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Abbas, the UN and the Futility of Armed 'Resistance' | The Nation

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Robert Dreyfuss

Bob Dreyfuss

News of America’s misadventures in foreign policy and defense.

Abbas, the UN and the Futility of Armed 'Resistance'

Let’s be honest: “resistance” to Israel by the Palestinians is idiotic.

By resistance, of course, I mean armed resistance, armed intifadas, shooting aimless missiles into Israeli territory, and outlier actions like the bus bombing that recently occurred in Tel Aviv. A general strike, other nonviolent actions and other sorts of peaceful resistance are fine, and in fact vital.

I get it, that for Palestinians living in near-hopeless conditions, oppressed by an unending Israeli occupation led by a regime in Israel that seems intent on expanding settlements and grabbing all the land it can hold onto, violence might seem like the answer.

But the answer is a two-state solution, negotiated between Israel and Palestine, under the auspices of the United Nations—and, naturally, with the United States using all of its muscle and influence to get Israel to go along.

That’s why the vote today at the United Nations on Palestinian “statehood” is important.

Is it impossible that a major reason behind Israel’s assault on Gaza this month was because Israel wanted to distract from and undermine President Abbas’s diplomacy at the UN? I don’t think so. By bludgeoning Gaza so brutally, Israel strengthened Hamas and eclipsed Abbas’ Palestinian Authority. For decades, Israel’s far right has thrived on emasculating and undermining moderate Palestinians and building up radical groups, including Hamas, thus creating the self-fulfilling prophecy that there is no “partner” to negotiate with. Hardline Israelis, led by Prime Minister Netanyahu, are like tuning forks that resonate with Hamas’s extremist views.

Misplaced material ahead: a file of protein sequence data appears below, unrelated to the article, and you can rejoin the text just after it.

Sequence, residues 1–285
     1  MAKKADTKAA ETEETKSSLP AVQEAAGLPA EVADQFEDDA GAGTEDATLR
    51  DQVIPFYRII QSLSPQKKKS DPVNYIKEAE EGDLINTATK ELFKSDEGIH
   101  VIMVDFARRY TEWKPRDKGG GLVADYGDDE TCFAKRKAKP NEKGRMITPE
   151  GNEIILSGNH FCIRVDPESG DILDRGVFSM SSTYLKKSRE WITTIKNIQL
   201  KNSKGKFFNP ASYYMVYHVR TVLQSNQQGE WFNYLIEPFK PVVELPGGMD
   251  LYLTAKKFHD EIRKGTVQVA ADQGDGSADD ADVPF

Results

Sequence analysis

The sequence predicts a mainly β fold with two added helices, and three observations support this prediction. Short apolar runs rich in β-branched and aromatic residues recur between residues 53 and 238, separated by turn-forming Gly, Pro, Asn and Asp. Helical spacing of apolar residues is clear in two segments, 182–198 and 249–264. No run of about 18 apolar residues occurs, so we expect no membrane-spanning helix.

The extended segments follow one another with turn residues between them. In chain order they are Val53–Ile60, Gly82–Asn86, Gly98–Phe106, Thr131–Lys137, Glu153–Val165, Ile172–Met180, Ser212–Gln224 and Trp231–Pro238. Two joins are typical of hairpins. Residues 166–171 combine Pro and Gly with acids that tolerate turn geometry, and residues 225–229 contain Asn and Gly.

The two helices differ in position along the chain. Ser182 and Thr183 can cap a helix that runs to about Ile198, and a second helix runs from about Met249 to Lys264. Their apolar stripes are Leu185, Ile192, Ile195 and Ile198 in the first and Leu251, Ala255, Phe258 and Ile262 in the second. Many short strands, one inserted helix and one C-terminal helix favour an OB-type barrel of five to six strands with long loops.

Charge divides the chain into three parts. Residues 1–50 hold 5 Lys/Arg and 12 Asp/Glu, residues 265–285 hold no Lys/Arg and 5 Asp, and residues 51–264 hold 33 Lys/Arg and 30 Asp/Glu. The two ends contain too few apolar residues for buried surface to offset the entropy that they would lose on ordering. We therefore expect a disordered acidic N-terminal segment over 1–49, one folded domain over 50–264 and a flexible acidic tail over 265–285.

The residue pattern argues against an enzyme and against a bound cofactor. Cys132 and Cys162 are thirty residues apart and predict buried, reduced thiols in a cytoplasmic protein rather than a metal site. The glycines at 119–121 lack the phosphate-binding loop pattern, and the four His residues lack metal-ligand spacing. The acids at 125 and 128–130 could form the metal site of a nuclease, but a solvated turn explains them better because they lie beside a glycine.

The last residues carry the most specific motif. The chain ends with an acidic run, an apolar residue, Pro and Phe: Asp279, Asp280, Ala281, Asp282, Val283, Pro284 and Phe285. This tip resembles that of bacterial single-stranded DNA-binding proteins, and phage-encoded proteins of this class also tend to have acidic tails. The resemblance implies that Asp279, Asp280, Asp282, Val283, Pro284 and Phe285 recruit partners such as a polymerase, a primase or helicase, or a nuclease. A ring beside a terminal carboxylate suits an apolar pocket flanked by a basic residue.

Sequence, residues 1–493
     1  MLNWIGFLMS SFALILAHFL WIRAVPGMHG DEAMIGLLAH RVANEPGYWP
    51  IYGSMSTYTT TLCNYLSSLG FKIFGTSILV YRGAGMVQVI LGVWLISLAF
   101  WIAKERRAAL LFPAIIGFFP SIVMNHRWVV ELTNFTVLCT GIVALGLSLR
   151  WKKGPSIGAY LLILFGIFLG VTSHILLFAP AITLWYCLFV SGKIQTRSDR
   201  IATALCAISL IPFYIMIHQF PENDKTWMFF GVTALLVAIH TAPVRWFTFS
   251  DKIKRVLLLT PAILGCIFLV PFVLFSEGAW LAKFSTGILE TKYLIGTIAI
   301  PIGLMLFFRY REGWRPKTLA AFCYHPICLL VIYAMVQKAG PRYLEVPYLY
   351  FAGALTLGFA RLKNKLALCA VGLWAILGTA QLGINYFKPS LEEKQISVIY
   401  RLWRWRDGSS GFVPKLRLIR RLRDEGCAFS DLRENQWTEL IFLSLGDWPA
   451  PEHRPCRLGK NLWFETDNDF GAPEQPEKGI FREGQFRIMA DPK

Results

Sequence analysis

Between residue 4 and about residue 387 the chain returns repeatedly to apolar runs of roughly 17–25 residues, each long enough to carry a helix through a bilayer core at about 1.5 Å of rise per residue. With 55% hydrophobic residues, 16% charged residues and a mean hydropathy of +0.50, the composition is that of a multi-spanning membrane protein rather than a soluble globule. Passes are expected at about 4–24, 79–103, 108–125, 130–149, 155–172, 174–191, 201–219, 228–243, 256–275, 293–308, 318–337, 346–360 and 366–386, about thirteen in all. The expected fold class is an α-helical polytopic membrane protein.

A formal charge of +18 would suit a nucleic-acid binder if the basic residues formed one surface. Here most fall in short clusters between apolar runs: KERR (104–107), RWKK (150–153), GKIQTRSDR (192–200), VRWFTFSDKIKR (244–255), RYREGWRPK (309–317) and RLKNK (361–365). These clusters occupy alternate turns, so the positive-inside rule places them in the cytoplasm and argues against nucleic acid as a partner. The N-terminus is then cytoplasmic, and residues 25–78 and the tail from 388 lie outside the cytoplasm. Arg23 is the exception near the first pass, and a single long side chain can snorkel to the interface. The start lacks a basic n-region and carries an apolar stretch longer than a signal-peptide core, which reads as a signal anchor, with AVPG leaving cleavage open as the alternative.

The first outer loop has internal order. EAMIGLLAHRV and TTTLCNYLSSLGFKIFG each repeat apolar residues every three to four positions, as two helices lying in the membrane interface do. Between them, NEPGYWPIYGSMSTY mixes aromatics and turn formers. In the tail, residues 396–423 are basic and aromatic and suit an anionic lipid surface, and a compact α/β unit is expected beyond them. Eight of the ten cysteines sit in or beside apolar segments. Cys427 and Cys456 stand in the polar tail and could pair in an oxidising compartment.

The real threat to Israel is not Hamas’s missiles, but growing world pressure on Israel to strike a deal along the lines of the Oslo Accords.

That’s why, when it became clear that Abbas and the PA were going to the UN, Israel threatened to retaliate by canceling Oslo, dissolving the PA and getting rid of Abbas. Now that most of Europe has agreed to support the PA initiative at the UN today, Israel is backing off its radical threats. Still, it’s clear that Israel fears the PA move, in particular the idea that Abbas might use his newfound UN status to call for an investigation of Israel’s criminal policies in the occupied territories, especially the West Bank, by the International Criminal Court.

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Israel is well aware that its cruel policies toward the Palestinians push them toward Hamas and toward “resistance.” But violence is not only futile. It’s counterproductive.

Bolstered by its macho status following the Israeli assault on Gaza, Hamas is talking tough. But there are hopeful signs that Hamas might be willing—under pressure from Egypt—to rejoin the PLO and the PA. By so doing, for all its macho talk about “resistance,” Hamas will take a step toward recognizing the legitimacy of the Israeli state and entering into two-state talks.

While the UN votes on Palestinian statehood in New York, families in Gaza are still suffering from the trauma of recent bombings. Check out Sharif Abdel Kouddous’s dispatch from Gaza after the ceasefire. 

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